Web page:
I crawled out once again from the bunk, donned my trekking boots (didn't want to break the rule for slippers) and watched the head lamps of climbers as they made their way over the rocky part of the climb. I couldn't imagine doing that in the dark with only a light at your feet shining from your forehead.

From my viewpoint at the hut just above Station 8 the sky began to lighten around 4:30 AM. By 4:35 there was some pink tinging the smaller clouds that floated above the thicker layer below me as I looked down the mountainside. I wondered how the climb to the top had been for my family who had gone ahead of me and stayed nearer the top.

My view from Station 8 hut.

What I would learn later was that the climb between where I stayed and their hut was not as bad as the two sections of rock climbing we'd done just before I quit. I still don't think I would have made it. There were steps and that never ending incline.

They reached their hut about 7:30 PM an hour after I was fast asleep. Dinner was waiting for them and consisted of (according to Bob) some sort of hamburger like meat with gravy over rice, a side of some sort of curry, and some sort of vegetable along with a bottle of water to drink.

Their sleeping quarters were much like mine but didn't have the pillow. Bob felt a little uncomfortable sleeping next to a stranger but on the other side of him was one of the kids.

The hardy climbers awaiting sunrise.
They were awake at 1 AM to get breakfast which was a covered plastic dish of rice with a little packet of meat and some other things that he decided he would just stick in his backpack in case he got hungry later. (On the way down our granddaughter would polish off his breakfast.)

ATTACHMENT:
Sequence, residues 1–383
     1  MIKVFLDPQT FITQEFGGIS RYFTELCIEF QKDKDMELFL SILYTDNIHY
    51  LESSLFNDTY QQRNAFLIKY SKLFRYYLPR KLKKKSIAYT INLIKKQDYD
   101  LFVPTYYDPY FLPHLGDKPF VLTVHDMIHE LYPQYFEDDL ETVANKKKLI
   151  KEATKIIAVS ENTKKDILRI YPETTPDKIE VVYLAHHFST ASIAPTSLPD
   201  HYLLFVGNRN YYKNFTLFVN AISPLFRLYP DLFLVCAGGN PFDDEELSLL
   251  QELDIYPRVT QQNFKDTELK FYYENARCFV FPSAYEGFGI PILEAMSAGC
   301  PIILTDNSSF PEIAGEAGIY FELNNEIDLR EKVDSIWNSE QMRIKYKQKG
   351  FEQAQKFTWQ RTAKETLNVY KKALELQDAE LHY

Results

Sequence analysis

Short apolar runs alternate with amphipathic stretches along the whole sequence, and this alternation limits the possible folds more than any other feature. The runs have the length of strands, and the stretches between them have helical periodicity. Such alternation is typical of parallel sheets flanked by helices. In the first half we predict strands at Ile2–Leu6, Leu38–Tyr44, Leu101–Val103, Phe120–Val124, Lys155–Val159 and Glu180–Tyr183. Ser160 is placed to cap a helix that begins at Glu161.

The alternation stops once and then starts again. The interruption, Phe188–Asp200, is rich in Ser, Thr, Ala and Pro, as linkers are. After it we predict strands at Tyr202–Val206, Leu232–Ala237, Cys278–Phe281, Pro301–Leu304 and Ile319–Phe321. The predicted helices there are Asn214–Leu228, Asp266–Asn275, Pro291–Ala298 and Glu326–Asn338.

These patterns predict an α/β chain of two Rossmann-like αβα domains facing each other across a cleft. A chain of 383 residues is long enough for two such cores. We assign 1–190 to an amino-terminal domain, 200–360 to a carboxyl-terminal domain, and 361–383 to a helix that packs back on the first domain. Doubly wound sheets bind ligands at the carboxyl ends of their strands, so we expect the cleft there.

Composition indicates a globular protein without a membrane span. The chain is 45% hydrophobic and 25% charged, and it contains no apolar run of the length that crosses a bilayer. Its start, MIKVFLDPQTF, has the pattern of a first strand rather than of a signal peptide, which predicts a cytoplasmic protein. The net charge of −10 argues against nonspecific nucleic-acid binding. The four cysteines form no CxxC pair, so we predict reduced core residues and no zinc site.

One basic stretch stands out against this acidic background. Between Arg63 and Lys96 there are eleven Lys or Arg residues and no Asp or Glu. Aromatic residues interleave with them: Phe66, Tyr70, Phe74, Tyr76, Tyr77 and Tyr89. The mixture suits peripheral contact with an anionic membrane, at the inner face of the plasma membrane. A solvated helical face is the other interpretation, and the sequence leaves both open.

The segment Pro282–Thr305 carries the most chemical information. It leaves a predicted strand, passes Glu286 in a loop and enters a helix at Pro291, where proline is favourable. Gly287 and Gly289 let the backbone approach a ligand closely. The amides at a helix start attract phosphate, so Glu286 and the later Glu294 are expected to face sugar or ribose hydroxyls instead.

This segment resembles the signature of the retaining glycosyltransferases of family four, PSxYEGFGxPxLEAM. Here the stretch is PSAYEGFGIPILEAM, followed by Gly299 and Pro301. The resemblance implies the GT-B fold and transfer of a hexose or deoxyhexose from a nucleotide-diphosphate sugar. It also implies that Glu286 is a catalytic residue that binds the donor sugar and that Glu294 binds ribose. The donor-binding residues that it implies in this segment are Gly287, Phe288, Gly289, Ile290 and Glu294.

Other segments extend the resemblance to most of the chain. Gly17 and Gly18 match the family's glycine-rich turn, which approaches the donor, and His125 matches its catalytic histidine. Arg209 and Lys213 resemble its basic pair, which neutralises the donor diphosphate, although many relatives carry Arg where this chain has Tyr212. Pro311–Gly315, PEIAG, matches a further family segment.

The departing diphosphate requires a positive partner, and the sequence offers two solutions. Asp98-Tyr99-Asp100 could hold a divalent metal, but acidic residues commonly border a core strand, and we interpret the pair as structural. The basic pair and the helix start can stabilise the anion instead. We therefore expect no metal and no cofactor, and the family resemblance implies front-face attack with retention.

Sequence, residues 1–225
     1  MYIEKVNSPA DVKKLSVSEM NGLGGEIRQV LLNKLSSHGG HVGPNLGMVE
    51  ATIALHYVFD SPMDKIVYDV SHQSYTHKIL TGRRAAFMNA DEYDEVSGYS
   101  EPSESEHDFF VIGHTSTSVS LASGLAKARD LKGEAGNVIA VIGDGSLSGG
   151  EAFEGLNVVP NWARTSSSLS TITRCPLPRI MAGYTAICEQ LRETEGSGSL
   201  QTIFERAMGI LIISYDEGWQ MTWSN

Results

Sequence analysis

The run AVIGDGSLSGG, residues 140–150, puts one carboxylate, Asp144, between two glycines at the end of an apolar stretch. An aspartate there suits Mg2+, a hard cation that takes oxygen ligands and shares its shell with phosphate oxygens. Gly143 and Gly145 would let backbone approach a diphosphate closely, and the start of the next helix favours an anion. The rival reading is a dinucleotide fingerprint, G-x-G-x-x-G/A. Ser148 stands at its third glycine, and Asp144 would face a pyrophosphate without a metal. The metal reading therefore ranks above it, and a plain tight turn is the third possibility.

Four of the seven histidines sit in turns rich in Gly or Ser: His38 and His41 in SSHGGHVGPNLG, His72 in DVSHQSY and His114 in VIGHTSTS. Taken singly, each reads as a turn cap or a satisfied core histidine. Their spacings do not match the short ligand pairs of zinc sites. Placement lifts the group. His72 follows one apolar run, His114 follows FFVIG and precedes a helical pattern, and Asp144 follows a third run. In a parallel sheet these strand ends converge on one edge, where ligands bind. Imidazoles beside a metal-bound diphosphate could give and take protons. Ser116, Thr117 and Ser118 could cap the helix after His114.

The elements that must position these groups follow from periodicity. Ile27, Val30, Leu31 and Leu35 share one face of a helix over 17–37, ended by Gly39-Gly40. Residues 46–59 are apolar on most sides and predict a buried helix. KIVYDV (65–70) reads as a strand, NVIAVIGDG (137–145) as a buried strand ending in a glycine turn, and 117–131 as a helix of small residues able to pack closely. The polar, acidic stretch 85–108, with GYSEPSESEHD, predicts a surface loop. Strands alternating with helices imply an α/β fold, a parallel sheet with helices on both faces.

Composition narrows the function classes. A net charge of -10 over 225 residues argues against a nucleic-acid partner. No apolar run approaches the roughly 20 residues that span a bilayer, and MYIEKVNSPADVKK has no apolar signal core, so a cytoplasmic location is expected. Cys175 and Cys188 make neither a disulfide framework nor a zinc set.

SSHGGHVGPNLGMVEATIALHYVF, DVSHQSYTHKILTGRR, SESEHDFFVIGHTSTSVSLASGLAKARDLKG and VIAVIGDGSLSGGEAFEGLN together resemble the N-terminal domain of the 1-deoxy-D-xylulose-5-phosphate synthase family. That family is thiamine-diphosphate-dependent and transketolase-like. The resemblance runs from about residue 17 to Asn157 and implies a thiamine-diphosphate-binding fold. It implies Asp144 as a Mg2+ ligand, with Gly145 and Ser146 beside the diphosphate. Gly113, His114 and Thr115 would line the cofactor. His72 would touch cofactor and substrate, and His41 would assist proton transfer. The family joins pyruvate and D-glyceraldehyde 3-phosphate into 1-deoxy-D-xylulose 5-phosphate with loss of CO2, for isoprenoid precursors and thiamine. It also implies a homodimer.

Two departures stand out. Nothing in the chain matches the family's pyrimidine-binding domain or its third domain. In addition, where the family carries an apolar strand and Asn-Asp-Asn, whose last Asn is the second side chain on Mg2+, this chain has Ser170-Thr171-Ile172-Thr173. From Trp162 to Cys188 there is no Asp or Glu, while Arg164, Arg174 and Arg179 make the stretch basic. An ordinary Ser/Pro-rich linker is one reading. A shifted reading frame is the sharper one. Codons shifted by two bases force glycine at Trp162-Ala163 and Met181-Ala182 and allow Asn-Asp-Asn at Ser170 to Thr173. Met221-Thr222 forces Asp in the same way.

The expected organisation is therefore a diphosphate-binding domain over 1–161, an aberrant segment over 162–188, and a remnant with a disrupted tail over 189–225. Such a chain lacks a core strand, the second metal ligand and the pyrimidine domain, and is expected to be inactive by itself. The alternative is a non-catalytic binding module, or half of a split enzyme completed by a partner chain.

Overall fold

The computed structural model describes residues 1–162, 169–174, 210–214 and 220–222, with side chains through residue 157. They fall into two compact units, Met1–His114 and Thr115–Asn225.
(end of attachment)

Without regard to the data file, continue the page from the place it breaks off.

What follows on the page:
At 1:30 they were making the last climb to the top. The good thing about staying in the last hut near the top was that the climb was not as long. The mountain guide took them on an easier path than the climb up the rocks on the last of the Yashida trail would have been. It was actually the descent trail they would discover.

Sunrise at the summit.
Arriving at the summit, they had time to enjoy something to drink (there is actually a small snack operation at the top as well as some restroom facilities) and take pictures as the sun rose. Their view was a little different than mine but not by much as I look at the pictures. The difference is that they could brag that they made the summit--well all of them except our nine year old grandson who was completely worn out and opted to sleep in until they would return for him.

The guide had told me that they would pick me up around 8 AM on the way down the mountain. I spent the morning watching others make the trek up and getting on Facebook a few times. Oh yes, there was WiFi. We had to keep turning off our phones though between usage as the batteries wear out faster at higher altitudes. It must be true for all batteries because at my hut they also sold various sized batteries for cameras--mostly AAs. I managed to message my son and found they were about five minutes from picking me up.